This article was originally published by Radio Free Asia and is reprinted with permission.
Pyongyang is not yet in a position to deploy tactical nuclear weapons that could hit precise targets in South Korea but is likely to begin testing such weapons in the near future, experts told Radio Free Asia.
Recent high-profile missile tests carried out by the North were described by North Korean state media on Monday as having been a “simulation of loading tactical nuclear warheads” to strike military centers in the South.
But experts say the North is far from reaching such capabilities and was likely readying to test a tactical weapon – a smaller bomb not intended to cause widespread destruction – at its underground Punggye-ri Nuclear Test Site, where its six previous nuclear weapons tests took place.
Olli Heinonen, a former deputy director-general for safeguards at the International Atomic Energy Agency, told RFA that Pyongyang did not have adequate fuel to produce multiple tactical nuclear weapons.
“The bulk of its plutonium has the wrong composition for short-range targeted strikes,” Heinonen said, adding that the North was striving “to produce good fissile material for miniaturizing nuclear weapons.”
Yet even once Pyongyang builds up enough of the plutonium, he added, the testing of weapons would lead supplies to be depleted.
“They need to conduct nuclear tests if they want to miniaturize weapons. Once they will test it, they will see if it works,” Heinonen said. “Only then can they manufacture more efficient and smaller weapons.”
‘Not serious operational tests’
The recent missile tests were themselves “not very serious operational tests,” added Bruce Bennett, a senior defense researcher at the RAND Corporation, who said Kim Jong Un may have been driven by a desire “to make sure his personnel really understand how to fire the missiles.”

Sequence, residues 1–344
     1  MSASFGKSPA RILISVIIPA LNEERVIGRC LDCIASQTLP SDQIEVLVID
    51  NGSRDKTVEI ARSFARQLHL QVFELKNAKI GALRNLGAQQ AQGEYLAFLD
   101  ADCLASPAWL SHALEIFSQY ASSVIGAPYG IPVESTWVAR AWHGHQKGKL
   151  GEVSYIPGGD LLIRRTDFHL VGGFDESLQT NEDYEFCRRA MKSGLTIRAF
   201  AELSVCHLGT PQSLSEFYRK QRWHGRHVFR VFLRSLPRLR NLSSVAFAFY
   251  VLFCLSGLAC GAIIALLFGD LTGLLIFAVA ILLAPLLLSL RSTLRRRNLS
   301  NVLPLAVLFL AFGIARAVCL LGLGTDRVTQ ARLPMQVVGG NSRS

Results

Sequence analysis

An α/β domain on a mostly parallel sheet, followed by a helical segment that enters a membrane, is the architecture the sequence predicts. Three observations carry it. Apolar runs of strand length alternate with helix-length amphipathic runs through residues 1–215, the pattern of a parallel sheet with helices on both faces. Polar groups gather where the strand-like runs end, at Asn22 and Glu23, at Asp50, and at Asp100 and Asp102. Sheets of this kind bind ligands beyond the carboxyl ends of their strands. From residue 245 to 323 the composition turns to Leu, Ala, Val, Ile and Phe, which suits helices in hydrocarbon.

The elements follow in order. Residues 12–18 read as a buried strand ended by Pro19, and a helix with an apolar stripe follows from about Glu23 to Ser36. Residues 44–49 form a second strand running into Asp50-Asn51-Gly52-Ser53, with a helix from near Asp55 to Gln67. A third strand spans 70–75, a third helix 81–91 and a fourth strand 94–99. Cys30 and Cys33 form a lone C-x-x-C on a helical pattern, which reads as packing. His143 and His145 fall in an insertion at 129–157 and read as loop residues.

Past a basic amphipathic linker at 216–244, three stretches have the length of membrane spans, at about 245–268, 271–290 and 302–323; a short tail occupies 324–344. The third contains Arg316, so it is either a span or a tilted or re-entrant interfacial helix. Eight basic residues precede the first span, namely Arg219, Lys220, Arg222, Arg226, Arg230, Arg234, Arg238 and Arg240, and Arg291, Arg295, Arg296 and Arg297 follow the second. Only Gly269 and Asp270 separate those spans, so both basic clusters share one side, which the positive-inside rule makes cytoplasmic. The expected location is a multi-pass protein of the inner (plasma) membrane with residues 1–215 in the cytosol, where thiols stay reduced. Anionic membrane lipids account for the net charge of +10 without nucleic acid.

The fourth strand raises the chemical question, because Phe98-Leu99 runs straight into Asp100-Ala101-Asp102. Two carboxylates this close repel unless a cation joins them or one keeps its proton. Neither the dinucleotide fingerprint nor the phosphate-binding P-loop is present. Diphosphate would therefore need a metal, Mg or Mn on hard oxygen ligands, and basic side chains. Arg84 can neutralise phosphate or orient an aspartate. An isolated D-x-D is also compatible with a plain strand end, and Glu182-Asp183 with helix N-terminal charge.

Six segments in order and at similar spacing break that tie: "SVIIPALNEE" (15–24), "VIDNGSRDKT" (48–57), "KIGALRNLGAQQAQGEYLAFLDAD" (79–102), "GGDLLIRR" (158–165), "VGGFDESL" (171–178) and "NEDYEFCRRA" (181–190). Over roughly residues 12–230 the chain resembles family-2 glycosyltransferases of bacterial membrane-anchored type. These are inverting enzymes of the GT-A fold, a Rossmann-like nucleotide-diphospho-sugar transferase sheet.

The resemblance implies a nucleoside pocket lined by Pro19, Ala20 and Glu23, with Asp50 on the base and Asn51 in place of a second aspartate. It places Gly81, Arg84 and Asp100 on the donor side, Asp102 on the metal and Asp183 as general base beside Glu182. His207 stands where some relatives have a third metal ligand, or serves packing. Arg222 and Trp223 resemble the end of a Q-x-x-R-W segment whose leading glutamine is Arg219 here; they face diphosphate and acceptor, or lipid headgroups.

“In real operations, these theater missiles would need to be fired within a few tens of seconds of each other to then give their launchers time to escape before they could be targeted,” Bennett told RFA.
“But on the North’s five recent test events involving two missiles, the shortest separation in the launches was nine minutes, the longest 22 minutes, and the average 14 minutes. That is not really operational,” he said.
U.S. State Department spokesman Ned Price said in a press briefing on Tuesday that the United States was committed to “dialogue and diplomacy” to defuse tensions with North Korea but was also ensuring that its “deterrent capabilities are where they need to be.”
“We want to see the complete denuclearization of the Korean peninsula,” Price said. “We believe that the best way to do that is through diplomacy – through principled, hard-nosed diplomacy with the DPRK,” referring to North Korea. “Clearly the DPRK is not there yet.”
Andrew Yeo, senior fellow for Korea studies at the Brookings Institution’s Center for East Asia Policy Studies, said Pyongyang was widely expected to soon shift toward ramping up its tests of tactical nuclear weapons.
“North Korea may be seeking to diversify its nuclear arsenal by advancing tactical nuclear capabilities,” Yeo told RFA, adding that its desire to test tactical weapons was “consistent with speculation from U.S. experts.”
“The U.S. and [South Korea] as well as Japan need to be vigilant in monitoring any military activity or movements in North Korea,” he said.